Strengths in Barth’s position
There are a number of strengths in Barth’s position that I will seek to outline here:
1. Barth’s understanding of the imago Dei is a nourishing corrective to an overemphasis on the structure of human beings, particularly on rationality or reason as the essential aspect of the imago Dei. He does not think of the imago Dei only as a noun but also as a verb. Human beings are to image God by the way they live and the heart of the imago Dei is love, love for God and for others.
2. Barth considers both that humanity is created in the imago Dei, and that humanity is created as ‘a copy and not an original; a reflection and not a prototype’ of Christ. To argue that human creatures in themselves could be the imago Dei would be, for Barth, to establish a ‘point of contact’ which he rejects exists apart from Christ. Not the formal, but only the material imago Dei – the iustitia originalis with which Adam was created can occupy the anthropological place of the ‘point of contact’ in the divine–human communication. And this place, from which sinful humanity is irrevocably alienated, belongs to Jesus Christ alone. Barth had already opened up this issue in 1932 in his epistemological Prolegomena to Church Dogmatics:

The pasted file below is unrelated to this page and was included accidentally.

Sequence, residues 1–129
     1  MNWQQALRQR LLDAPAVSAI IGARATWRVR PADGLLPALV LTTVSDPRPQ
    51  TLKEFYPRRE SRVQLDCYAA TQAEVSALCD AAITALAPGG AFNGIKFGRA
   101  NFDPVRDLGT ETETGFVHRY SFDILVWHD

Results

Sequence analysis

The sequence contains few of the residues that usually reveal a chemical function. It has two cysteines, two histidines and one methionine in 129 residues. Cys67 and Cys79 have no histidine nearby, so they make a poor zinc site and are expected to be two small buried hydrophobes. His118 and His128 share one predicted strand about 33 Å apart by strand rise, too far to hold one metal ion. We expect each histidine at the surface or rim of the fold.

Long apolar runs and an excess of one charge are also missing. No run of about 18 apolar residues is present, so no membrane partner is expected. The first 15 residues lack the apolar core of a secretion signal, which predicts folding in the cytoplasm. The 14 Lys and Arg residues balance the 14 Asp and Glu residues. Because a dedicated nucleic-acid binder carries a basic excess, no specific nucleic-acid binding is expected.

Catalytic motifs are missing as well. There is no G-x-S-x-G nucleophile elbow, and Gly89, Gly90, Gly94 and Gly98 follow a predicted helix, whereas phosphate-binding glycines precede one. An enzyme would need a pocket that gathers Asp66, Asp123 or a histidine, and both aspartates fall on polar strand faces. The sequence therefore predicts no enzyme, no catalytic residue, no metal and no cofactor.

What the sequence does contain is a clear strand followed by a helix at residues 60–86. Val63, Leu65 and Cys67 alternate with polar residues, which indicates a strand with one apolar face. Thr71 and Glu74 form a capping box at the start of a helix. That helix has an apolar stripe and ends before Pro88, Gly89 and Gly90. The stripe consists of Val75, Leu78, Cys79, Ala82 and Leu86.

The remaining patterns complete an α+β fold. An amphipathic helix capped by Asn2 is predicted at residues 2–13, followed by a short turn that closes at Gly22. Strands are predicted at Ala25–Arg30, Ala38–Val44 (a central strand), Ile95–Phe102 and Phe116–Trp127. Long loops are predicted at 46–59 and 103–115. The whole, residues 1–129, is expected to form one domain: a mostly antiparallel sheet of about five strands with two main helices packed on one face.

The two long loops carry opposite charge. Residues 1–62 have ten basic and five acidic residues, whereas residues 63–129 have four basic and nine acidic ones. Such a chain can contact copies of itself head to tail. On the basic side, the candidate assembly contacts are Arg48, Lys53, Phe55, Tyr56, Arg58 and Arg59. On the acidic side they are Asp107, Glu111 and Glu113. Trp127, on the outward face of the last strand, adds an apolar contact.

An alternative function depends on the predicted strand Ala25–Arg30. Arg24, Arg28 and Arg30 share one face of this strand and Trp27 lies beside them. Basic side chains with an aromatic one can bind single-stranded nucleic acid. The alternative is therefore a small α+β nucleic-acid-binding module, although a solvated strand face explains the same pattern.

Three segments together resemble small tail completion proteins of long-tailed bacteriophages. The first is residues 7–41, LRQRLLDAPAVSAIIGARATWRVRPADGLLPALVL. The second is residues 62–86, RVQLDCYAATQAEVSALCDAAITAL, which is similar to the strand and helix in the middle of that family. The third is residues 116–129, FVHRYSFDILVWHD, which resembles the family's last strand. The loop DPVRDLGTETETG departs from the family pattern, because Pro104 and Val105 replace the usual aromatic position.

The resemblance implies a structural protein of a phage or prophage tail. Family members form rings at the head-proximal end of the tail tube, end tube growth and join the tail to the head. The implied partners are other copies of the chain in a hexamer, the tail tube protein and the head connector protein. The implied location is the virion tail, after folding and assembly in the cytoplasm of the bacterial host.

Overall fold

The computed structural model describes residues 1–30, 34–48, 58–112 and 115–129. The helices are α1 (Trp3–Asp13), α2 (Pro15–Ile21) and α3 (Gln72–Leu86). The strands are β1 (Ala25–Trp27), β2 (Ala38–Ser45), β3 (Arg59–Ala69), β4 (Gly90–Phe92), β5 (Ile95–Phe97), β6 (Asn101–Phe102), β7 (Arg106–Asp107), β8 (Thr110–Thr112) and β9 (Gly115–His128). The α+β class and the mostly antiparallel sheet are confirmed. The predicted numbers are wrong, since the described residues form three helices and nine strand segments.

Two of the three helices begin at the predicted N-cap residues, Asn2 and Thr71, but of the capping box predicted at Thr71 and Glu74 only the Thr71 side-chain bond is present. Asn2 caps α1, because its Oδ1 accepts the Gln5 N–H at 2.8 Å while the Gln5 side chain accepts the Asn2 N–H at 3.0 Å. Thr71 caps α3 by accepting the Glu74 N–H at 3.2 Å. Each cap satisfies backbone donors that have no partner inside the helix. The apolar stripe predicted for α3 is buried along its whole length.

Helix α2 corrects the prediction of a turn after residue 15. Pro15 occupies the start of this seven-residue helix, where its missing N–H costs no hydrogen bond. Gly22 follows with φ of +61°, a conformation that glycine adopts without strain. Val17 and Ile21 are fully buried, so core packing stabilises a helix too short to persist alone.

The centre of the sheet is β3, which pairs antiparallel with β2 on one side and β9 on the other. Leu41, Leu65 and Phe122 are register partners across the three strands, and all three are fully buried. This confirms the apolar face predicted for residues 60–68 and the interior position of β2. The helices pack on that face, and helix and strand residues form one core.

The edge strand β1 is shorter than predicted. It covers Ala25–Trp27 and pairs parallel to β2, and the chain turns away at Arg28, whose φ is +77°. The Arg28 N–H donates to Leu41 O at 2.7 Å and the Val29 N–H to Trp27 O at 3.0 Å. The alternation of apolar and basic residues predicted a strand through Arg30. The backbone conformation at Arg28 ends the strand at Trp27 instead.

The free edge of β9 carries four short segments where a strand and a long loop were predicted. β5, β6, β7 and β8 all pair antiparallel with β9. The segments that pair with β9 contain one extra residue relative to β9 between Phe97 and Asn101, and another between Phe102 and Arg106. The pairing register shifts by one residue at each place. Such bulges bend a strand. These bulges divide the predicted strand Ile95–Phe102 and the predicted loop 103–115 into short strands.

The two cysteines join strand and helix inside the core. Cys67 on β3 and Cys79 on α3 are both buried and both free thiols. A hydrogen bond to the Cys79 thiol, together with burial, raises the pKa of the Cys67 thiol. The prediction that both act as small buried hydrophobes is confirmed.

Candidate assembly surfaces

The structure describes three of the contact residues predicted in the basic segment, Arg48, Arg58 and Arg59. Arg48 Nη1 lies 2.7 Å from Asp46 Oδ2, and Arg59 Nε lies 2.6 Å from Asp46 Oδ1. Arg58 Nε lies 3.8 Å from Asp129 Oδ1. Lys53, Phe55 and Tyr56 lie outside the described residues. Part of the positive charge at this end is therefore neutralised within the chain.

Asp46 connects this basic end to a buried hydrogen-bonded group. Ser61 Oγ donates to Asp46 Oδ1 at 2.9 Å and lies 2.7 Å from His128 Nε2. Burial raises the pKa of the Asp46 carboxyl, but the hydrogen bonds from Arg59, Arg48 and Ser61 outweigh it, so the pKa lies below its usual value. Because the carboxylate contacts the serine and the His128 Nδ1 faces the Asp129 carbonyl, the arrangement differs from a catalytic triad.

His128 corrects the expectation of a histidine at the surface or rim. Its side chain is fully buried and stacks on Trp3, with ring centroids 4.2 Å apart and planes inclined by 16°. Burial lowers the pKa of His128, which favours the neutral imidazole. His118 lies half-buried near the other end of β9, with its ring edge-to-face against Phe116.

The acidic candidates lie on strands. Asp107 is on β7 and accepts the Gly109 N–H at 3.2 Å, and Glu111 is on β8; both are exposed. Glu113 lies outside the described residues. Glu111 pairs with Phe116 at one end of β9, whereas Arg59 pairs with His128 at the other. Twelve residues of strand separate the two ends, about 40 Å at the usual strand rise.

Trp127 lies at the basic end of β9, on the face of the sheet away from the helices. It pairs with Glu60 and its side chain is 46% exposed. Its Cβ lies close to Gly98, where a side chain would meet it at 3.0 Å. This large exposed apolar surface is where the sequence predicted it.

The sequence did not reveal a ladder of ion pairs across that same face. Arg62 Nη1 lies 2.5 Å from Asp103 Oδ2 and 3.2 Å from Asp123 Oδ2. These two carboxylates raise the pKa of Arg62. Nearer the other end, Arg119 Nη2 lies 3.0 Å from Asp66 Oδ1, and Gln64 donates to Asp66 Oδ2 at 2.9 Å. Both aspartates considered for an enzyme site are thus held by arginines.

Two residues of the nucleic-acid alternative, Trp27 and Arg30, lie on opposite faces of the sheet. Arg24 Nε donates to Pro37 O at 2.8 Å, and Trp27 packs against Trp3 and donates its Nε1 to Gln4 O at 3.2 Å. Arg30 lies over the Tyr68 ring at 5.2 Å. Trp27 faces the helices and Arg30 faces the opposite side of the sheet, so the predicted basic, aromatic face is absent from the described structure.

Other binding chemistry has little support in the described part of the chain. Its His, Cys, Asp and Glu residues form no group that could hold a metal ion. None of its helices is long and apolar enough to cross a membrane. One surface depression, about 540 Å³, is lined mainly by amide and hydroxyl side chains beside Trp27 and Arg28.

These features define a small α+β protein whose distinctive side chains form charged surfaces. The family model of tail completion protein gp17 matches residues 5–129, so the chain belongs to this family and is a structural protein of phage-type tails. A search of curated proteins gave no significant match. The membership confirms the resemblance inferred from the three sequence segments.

Man’s capacity for God, however it may be with his humanity and personality, has really been lost … The image of God in man … which constitutes the real point of contact for the Word of God, is the one awakened through Christ from real death to life and so “restored”, the newly-created rectitudo now real as man’s possibility for the Word of God. This point of contact is, therefore, not real outside faith but only in faith.
3. Barth argues that the image is reflected in man–woman (‘I–Thou’) relationships that are created as a sign of the hope of the coming Son of Man who is the imago Dei.
4. Barth considers the doctrine of the imago Dei not only in light of Christ, but also in the context of the whole doctrine of creation and redemption. This is because it is impossible to understand the predicament in which men and women find themselves apart from the work of God in Christ.
5. Barth criticises Brunner’s concept of a formal image as theologically limiting. Barth asks,
Is the revelation of God some kind of ‘matter’ to which man stands in some original relation because as man he has or even is the ‘form’ which enables him to take responsibility and make decisions in relation to various kinds of ‘matter’? Surely all his rationality, responsibility and ability to make decisions might yet go hand in hand with complete impotency as regards this ‘matter’! And this impotency might be the tribulation and affliction of those who, as far as human reason can see, possess neither reason, responsibility nor ability to make decisions: new-born children and idiots. Are they not children of Adam? Has Christ not died for them?
Here Barth questions any formal understanding of the imago which is not universally inclusive because it is only by surrendering its hidden revelational content that Brunner’s formal factor can perform its modest but legitimate service of indicating the universal being of sinful humanity. This will be discussed in subsequent posts.